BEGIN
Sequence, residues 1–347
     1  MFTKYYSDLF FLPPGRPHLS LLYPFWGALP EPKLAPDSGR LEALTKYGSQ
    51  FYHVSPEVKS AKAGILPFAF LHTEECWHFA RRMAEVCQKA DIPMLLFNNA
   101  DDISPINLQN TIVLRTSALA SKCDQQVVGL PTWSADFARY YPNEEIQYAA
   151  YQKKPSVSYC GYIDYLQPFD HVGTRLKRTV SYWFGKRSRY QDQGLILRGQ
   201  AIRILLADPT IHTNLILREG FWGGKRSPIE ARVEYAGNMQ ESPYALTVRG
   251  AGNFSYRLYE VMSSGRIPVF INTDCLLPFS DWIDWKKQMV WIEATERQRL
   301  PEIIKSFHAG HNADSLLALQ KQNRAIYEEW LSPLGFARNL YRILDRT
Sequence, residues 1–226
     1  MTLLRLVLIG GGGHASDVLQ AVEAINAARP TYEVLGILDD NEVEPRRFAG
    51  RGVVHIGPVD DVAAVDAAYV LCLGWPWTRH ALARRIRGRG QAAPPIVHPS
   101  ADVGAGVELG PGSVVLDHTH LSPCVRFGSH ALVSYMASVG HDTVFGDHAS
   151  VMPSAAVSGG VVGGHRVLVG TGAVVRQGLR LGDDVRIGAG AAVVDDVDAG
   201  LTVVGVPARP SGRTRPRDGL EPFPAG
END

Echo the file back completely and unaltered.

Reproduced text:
Sequence, residues 1–347
     1  MFTKYYSDLF FLPPGRPHLS LLYPFWGALP EPKLAPDSGR LEALTKYGSQ
    51  FYHVSPEVKS AKAGILPFAF LHTEECWHFA RRMAEVCQKA DIPMLLFNNA
   101  DDISPINLQN TIVLRTSALA SKCDQQVVGL PTWSADFARY YPNEEIQYAA
   151  YQKKPSVSYC GYIDYLQPFD HVGTRLKRTV SYWFGKRSRY QDQGLILRGQ
   201  AIRILLADPT IHTNLILREG FWGGKRSPIE ARVEYAGNMQ ESPYALTVRG
   251  AGNFSYRLYE VMSSGRIPVF INTDCLLPFS DWIDWKKQMV WIEATERQRL
   301  PEIIKSFHAG HNADSLLALQ KQNRAIYEEW LSPLGFARNL YRILDRT
Sequence, residues 1–226
     1  MTLLRLVLIG GGGHASDVLQ AVEAINAARP TYEVLGILDD NEVEPRRFAG
    51  RGVVHIGPVD DVAAVDAAYV LCLGWPWTRH ALARRIRGRG QAAPPIVHPS
   101  ADVGAGVELG PGSVVLDHTH LSPCVRFGSH ALVSYMASVG HDTVFGDHAS
   151  VMPSAAVSGG VVGGHRVLVG TGAVVRQGLR LGDDVRIGAG AAVVDDVDAG
   201  LTVVGVPARP SGRTRPRDGL EPFPAG